“We have to recognize that Atlantic City’s gaming and tourism attractions have a bigger impact than inside the city borders,” said Senate President Sweeney. “If we’re serious about turning Atlantic City’s casinos into a resort destination, we have to separate the problems plaguing the casino district from the problems facing the entire city. By creating an ACT District, we can focus on the unique needs of Atlantic City’s casino and tourism industries, and encourage new visitors and new investment which will help the entire South Jersey economy.”
“Atlantic City’s casino district is a microcosm unto itself, with problems and special needs which can’t be found anywhere else within the city,” said Senator Whelan, a former mayor of Atlantic City. “At the same time, the fate of New Jersey’s continued economic success hinges on the economic success of Atlantic City’s casinos and tourism industry. By focusing State agencies such as CRDA, and the new Joint Law Enforcement Task Force on the needs of the ACT District, we can focus greater resources and attention on the needs of our State’s casino industry.”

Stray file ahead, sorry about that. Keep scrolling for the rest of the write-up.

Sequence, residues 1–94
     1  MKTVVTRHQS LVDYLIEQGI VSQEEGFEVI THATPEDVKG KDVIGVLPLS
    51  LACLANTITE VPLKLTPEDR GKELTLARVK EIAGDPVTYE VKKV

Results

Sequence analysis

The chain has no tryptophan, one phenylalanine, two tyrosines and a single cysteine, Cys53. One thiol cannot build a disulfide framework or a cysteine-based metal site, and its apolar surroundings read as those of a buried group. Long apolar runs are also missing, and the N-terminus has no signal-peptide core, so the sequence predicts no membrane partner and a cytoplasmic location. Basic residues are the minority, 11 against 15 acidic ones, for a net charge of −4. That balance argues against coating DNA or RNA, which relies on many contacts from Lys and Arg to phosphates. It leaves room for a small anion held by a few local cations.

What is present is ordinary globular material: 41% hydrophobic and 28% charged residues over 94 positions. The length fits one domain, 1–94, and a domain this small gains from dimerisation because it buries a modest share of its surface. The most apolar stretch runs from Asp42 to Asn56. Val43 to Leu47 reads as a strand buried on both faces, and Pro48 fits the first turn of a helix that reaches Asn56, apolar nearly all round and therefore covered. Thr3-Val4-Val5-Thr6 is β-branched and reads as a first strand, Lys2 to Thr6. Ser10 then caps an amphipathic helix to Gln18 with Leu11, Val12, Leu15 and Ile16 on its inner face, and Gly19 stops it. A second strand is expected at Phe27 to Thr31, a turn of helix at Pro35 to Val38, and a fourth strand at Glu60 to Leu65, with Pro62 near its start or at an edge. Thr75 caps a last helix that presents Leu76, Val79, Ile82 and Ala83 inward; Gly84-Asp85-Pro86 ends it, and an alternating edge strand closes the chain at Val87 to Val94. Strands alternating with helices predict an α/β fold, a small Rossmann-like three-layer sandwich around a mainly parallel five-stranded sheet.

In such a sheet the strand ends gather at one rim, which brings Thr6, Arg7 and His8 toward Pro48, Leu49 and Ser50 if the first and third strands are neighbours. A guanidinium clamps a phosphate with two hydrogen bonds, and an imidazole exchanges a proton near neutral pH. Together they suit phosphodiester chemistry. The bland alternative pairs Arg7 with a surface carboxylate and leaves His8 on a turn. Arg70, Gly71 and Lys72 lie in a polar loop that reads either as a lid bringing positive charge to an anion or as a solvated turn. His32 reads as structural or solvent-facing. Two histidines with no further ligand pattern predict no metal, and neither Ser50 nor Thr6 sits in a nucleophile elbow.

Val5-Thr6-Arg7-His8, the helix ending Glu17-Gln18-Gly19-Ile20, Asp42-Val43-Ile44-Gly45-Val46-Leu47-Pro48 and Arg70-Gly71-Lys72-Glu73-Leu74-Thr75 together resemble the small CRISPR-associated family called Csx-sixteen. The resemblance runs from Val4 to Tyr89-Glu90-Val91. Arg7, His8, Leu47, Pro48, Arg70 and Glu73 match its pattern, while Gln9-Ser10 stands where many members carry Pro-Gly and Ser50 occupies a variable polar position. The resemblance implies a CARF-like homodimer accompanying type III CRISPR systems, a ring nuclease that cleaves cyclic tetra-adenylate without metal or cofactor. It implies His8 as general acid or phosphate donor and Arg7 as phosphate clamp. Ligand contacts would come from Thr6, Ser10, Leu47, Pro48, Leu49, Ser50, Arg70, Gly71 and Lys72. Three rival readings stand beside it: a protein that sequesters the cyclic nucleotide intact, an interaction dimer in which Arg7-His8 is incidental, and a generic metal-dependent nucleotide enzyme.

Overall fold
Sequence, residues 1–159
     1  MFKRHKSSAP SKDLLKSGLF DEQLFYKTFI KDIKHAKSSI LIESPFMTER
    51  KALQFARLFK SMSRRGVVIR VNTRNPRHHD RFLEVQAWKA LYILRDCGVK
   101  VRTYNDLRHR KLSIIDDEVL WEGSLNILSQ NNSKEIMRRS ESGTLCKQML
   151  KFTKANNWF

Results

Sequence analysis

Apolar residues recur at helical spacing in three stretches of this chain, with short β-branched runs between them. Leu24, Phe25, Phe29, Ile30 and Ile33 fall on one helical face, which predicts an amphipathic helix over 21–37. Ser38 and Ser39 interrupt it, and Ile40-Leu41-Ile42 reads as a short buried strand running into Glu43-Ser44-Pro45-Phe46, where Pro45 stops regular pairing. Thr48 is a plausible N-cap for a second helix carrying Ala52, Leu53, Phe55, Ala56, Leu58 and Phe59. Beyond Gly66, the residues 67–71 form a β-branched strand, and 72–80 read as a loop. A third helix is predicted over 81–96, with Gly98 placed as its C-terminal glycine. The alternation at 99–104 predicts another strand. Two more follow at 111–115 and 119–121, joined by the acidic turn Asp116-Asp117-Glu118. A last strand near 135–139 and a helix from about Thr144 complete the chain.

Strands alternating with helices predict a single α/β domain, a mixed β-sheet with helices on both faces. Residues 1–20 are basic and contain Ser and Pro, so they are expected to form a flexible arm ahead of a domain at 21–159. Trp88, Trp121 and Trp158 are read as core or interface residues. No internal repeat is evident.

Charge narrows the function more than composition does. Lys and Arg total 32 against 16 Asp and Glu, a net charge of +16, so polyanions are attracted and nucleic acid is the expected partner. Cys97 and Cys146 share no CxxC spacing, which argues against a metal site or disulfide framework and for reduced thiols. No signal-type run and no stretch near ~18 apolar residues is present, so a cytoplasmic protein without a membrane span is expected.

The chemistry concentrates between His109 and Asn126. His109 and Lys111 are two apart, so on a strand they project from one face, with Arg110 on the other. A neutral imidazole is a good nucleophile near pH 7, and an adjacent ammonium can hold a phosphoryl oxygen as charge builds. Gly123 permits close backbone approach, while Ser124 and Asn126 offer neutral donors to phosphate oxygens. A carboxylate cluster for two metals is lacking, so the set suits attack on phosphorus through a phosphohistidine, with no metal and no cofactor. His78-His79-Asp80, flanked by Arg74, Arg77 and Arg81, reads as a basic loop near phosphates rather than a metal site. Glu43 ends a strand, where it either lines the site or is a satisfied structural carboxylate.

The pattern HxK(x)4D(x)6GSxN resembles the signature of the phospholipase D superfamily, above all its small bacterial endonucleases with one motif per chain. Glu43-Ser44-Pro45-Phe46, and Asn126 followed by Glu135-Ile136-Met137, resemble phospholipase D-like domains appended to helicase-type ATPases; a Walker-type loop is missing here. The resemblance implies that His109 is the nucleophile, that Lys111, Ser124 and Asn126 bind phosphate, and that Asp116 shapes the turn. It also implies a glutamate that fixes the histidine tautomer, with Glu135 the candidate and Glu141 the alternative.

“Casino gambling in Atlantic City is so vitally important to the regional economy,” said Senator Van Drew, D-Cape May, Cumberland and Atlantic, and a member of the Legislative Gaming Summit. “This bill would ensure that the State is doing its part to foster growth, encourage tourism and investment, and provide for a safe and enjoyable experience for Atlantic City’s patrons. At the same time, we’ll be able to partner with local officials and agencies to ensure maximum benefit for Atlantic City, South Jersey, and the State as a whole.”